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"Eight Chapters"

Chapter Four (Part 3)

Let's spell out some of the finer distinctions among these traits.

While it might be good to be "stingy" (better yet -- given that our choice of terms is fairly arbitrary -- "thrifty" or "frugal") when you're truly short of funds and need to save whatever you have for essentials, and it might be good to be "extravagant" with praise or love, it's most often best to be simply but wholeheartedly "generous".

Though it would do us well sometimes to try to be more "daring" (or "venturesome") with some life-choices and more "cowardly" (or "extra- cautious") when it comes to our investments, for example, it's best to be "courageous" (or "bravehearted") about things.

In as much as "brashness" has us seem self-assured and clever at first but proves to be crass in the end, and since being "dull" (or "humdrum") anesthetizes the soul, we'd do well to strive for even-keeled "simple happiness".

Given that "arrogance" is almost always loathsome and "meekness" is inglorious and off-putting, simple and guileless "humility" is best.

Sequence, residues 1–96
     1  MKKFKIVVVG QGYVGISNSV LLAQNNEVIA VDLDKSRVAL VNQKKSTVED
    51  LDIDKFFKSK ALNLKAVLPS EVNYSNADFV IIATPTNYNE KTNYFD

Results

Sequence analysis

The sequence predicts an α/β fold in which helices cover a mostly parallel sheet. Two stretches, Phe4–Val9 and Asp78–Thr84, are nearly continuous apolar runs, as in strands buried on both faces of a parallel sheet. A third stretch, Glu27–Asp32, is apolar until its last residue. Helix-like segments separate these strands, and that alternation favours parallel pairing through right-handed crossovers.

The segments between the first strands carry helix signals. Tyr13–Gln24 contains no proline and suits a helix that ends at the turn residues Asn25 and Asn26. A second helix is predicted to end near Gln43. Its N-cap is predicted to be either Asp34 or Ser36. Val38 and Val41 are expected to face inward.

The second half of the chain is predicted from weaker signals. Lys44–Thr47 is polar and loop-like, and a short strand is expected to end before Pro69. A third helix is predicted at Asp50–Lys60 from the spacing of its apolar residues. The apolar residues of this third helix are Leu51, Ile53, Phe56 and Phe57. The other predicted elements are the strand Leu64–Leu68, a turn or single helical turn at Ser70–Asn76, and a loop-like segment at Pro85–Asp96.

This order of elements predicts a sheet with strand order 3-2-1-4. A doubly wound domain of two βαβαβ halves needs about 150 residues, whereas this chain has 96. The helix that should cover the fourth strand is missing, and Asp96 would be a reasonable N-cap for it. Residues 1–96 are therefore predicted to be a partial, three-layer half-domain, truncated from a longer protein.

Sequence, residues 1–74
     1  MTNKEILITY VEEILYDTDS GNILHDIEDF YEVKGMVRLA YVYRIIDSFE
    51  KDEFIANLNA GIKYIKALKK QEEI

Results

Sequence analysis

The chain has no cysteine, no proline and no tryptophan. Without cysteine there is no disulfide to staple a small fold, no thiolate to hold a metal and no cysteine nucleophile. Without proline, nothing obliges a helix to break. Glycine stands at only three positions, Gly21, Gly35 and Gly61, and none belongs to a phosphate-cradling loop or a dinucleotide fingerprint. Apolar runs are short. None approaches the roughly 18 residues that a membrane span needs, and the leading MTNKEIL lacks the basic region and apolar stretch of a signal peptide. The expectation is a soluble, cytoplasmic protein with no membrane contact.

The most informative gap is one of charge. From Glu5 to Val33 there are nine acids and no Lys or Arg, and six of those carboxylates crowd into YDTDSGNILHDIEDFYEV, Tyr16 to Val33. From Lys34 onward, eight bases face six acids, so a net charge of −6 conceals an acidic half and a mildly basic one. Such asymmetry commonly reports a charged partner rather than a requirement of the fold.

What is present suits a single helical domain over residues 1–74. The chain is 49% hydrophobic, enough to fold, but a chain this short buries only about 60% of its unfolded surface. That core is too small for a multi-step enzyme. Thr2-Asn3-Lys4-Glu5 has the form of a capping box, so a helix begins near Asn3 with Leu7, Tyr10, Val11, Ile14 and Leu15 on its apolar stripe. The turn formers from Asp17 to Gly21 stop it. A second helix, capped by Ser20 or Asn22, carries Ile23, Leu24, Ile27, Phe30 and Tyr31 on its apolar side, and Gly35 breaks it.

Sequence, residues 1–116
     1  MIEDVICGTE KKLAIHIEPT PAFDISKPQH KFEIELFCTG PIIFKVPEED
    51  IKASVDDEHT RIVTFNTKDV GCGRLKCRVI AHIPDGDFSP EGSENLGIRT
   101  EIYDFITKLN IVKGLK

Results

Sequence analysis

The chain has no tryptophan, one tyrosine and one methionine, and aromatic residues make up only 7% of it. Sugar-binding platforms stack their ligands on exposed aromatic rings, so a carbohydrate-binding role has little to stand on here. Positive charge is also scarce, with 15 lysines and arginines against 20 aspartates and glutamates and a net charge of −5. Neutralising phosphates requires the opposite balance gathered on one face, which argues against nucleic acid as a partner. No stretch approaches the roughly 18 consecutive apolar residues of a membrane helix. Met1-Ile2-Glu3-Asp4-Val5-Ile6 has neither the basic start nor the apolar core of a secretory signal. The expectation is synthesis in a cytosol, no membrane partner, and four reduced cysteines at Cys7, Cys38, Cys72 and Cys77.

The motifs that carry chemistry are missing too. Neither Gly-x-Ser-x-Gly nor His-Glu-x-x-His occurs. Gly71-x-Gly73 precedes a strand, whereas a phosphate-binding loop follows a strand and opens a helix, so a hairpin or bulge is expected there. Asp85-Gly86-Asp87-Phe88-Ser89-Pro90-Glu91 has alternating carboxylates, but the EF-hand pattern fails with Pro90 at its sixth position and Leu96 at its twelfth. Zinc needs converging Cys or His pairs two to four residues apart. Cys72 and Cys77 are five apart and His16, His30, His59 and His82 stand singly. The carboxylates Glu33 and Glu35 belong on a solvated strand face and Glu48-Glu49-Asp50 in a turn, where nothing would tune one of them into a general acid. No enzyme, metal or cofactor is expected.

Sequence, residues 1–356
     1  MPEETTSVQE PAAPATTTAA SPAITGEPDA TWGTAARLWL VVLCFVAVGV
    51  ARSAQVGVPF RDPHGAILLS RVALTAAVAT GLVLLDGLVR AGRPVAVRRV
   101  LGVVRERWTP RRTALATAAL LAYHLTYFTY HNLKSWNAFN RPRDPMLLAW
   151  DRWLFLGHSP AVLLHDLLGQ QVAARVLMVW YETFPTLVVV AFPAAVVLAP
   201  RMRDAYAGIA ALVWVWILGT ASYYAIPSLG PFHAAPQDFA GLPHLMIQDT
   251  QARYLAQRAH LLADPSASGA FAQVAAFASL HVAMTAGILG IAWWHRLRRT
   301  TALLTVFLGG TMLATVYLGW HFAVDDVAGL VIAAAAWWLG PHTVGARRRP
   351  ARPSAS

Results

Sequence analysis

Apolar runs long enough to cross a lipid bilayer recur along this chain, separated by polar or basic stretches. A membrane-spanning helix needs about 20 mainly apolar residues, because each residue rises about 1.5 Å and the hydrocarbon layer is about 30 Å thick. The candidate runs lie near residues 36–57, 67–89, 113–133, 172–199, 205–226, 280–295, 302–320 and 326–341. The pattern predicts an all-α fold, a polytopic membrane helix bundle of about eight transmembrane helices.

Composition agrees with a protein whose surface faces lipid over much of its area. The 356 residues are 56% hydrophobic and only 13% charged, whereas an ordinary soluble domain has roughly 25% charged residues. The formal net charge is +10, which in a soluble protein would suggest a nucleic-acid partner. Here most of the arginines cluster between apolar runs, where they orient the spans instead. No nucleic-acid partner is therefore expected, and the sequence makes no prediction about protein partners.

Knowing that blow-hearted "boastfulness" and its counterpart, feigned and contrived "humbleness", are always distasteful, we're encouraged to be honestly "earnest" instead.

Since "indulgence" always implies a lack of decent self-restraint, and "sloth" is actually rooted in too little self-respect, we should strive for simple "contentment".

As "wrath" is dangerous, and "indifference" is selfish and lazy, we're advised to foster "composure".

And finally, because "audacity" in the face of our wrongdoings signifies out-and-out hubris while "bashfulness" is just too diffident, we're to exhibit "shamefacedness" when we're wrong or wrong-headed.

Text Copyright 2006 by Rabbi Yaakov Feldman and



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